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Old 02-26-2001, 10:47 AM
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Default Press Fit Connectors

For a new design, we need a 160 pin connector for a motherboard. In the past, we used 96 pin MIL connectors that could be solder connected to the board. Now it seems that only the Press Fit style is available (a DIN variation). This is for a Military Aircraft application.

1. How would I model the connecTIONS in MIL-HDBK-217F (section 17.1)? Is this considered crimp?

2. I looked in Prism for RAC data, but there is nothing called Press Fit. Would 'Pressure Type' be appropriate?

3. From a practical standpoint, how would these press fit connectors hold up in my environment as compared to the solder version? Any experience out there?

Note: I will be on vacation for the remainder of this week.
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Old 03-26-2001, 05:56 AM
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Default Reliability Press Fit Connectors

Reliability models for press fit connectors are not available in either MIL-HDBK-217 or the new PRISM program. This technology is claimed to be at least 20 years old, but has not been modeled for reliability purposes nor has a data base been established. The design of the press fit connection is such that the crimp connection model is not appropriate as a substitute. The crimp process is an external pressure connection and the press fit is an internal pressure connection.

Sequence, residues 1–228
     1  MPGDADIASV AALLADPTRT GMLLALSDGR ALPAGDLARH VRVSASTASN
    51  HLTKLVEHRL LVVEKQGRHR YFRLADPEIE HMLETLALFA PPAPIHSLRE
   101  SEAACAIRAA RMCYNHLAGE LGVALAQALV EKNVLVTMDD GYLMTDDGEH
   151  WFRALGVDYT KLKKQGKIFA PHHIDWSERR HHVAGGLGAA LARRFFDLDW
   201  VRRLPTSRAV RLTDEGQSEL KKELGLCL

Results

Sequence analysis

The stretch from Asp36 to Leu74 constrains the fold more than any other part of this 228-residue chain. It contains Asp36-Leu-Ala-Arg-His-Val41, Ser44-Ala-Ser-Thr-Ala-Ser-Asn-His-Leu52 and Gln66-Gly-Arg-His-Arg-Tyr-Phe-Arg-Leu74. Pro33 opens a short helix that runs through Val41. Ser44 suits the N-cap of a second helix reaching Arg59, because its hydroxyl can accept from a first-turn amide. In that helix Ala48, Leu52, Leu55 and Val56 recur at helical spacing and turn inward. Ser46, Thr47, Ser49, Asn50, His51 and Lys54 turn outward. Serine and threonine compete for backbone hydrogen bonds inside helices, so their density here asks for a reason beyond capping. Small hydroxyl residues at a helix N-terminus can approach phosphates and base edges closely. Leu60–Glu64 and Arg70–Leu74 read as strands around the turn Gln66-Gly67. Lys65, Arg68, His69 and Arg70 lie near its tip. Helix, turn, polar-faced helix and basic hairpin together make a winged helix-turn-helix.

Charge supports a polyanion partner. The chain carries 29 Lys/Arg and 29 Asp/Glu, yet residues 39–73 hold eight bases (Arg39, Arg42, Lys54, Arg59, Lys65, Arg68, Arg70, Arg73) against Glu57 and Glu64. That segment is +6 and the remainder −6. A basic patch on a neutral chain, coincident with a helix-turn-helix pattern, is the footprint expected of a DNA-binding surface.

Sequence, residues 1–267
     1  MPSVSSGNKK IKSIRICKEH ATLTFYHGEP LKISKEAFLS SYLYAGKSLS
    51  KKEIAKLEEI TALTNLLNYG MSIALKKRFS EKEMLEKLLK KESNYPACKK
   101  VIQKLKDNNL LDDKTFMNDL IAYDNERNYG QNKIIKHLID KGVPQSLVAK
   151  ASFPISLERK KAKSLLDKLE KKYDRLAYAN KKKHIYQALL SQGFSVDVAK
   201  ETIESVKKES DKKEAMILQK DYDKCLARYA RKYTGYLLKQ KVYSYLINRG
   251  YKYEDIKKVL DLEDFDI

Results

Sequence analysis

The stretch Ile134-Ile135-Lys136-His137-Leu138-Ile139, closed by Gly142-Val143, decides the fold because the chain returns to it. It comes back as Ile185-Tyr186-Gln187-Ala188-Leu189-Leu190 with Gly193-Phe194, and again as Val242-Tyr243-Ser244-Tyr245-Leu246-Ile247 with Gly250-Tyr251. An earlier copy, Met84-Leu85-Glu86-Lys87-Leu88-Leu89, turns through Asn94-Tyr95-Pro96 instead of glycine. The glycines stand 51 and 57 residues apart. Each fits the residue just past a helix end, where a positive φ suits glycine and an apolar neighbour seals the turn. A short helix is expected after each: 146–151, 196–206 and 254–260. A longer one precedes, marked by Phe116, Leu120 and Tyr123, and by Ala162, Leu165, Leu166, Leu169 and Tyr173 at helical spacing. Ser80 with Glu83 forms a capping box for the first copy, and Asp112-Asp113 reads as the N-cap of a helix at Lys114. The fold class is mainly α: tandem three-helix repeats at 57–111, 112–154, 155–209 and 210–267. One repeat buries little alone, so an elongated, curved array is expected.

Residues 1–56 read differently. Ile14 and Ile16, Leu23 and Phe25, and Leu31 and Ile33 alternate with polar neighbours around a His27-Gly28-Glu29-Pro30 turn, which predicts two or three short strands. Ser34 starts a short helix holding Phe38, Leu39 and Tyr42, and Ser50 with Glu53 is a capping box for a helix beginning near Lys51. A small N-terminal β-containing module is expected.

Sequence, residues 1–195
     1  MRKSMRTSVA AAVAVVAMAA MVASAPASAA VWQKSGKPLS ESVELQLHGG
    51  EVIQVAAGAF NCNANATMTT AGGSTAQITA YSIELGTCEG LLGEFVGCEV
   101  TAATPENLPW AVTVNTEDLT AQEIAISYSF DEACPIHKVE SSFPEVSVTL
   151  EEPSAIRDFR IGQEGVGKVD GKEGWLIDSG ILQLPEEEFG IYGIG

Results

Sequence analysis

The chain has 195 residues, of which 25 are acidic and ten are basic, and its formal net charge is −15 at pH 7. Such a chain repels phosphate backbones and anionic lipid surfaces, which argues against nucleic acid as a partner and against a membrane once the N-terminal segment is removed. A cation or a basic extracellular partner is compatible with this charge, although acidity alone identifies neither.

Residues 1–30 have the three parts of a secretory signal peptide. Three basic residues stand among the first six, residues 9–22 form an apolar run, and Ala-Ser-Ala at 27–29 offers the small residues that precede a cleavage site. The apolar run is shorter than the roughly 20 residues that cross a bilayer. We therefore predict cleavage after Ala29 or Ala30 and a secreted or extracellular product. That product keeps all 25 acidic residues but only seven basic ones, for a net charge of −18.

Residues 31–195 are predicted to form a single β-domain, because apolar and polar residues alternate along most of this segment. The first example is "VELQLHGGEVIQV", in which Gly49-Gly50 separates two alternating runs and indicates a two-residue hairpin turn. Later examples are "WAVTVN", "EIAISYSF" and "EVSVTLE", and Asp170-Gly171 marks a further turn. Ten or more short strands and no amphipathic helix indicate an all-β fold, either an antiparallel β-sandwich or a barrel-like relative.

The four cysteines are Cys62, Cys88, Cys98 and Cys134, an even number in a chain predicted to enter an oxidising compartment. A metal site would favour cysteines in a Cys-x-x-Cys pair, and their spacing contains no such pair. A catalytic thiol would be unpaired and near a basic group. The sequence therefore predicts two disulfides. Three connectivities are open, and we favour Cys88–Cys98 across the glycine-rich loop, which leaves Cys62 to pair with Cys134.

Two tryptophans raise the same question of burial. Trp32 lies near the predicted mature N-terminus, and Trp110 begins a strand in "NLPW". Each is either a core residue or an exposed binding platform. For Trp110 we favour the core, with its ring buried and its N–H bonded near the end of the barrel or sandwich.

The press fit connection is an really an oversized pin that is forced into a socket or connection hole and the elasticity of the of the compliant pin deforms to make a connection without destruction of the drilled through hole. The potential failure mechanisms or problems that could be expected in a high stress environment are: fatigue failure of the compliant pin internal construction resulting in a open or intermittent connection, corrosion of the contact area resulting in intermittent performance, and quality control of the forces used in the assembly machine resulting in crushed pins that have intermittent connection.

The manufacturers of the press fit connectors claim that this technology is known for high reliability and allows multiple pressing of the contact into the same hole for repair or replacement purposes. Without actual field data under stressful conditions, the reliability is questionable when compared to the well established solder joint process. If one intends to use this technology in high stress conditions, it would be advised to perform an accelerated life test to determine the failure characteristics and life limiting mechanisms.
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